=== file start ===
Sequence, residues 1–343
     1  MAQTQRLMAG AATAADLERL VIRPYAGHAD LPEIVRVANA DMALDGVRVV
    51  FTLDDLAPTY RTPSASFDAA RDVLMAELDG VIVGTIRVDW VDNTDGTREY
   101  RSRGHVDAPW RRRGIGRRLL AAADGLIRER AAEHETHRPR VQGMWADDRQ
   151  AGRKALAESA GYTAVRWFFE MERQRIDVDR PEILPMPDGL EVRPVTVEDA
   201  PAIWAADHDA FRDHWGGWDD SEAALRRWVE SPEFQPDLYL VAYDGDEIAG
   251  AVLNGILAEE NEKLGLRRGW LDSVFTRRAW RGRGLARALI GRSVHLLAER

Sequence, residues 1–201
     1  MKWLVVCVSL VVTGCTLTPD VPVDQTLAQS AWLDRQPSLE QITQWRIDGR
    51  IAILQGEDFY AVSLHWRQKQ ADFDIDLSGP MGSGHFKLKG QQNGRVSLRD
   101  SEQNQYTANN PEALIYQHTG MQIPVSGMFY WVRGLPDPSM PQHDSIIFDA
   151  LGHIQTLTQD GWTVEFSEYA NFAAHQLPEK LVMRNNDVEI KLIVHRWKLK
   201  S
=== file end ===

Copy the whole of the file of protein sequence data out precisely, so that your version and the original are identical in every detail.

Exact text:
Sequence, residues 1–343
     1  MAQTQRLMAG AATAADLERL VIRPYAGHAD LPEIVRVANA DMALDGVRVV
    51  FTLDDLAPTY RTPSASFDAA RDVLMAELDG VIVGTIRVDW VDNTDGTREY
   101  RSRGHVDAPW RRRGIGRRLL AAADGLIRER AAEHETHRPR VQGMWADDRQ
   151  AGRKALAESA GYTAVRWFFE MERQRIDVDR PEILPMPDGL EVRPVTVEDA
   201  PAIWAADHDA FRDHWGGWDD SEAALRRWVE SPEFQPDLYL VAYDGDEIAG
   251  AVLNGILAEE NEKLGLRRGW LDSVFTRRAW RGRGLARALI GRSVHLLAER

Sequence, residues 1–201
     1  MKWLVVCVSL VVTGCTLTPD VPVDQTLAQS AWLDRQPSLE QITQWRIDGR
    51  IAILQGEDFY AVSLHWRQKQ ADFDIDLSGP MGSGHFKLKG QQNGRVSLRD
   101  SEQNQYTANN PEALIYQHTG MQIPVSGMFY WVRGLPDPSM PQHDSIIFDA
   151  LGHIQTLTQD GWTVEFSEYA NFAAHQLPEK LVMRNNDVEI KLIVHRWKLK
   201  S